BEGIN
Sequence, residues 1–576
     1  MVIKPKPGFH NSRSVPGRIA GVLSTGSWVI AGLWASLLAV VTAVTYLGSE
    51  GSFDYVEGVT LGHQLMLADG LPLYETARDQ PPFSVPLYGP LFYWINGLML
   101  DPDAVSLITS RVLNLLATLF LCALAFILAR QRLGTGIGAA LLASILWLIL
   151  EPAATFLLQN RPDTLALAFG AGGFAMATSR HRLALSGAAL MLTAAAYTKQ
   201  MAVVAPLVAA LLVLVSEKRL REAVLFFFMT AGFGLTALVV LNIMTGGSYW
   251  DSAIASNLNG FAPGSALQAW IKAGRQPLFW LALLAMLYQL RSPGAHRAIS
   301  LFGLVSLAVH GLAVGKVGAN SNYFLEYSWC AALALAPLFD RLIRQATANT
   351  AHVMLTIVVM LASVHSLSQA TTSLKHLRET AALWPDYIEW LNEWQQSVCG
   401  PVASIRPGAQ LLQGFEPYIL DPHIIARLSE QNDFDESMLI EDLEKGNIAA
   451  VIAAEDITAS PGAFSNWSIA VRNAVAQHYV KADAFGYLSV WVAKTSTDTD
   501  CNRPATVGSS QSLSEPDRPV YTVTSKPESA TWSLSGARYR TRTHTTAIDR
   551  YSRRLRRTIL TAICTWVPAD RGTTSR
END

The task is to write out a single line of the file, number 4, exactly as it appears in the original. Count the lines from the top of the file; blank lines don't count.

   101  DPDAVSLITS RVLNLLATLF LCALAFILAR QRLGTGIGAA LLASILWLIL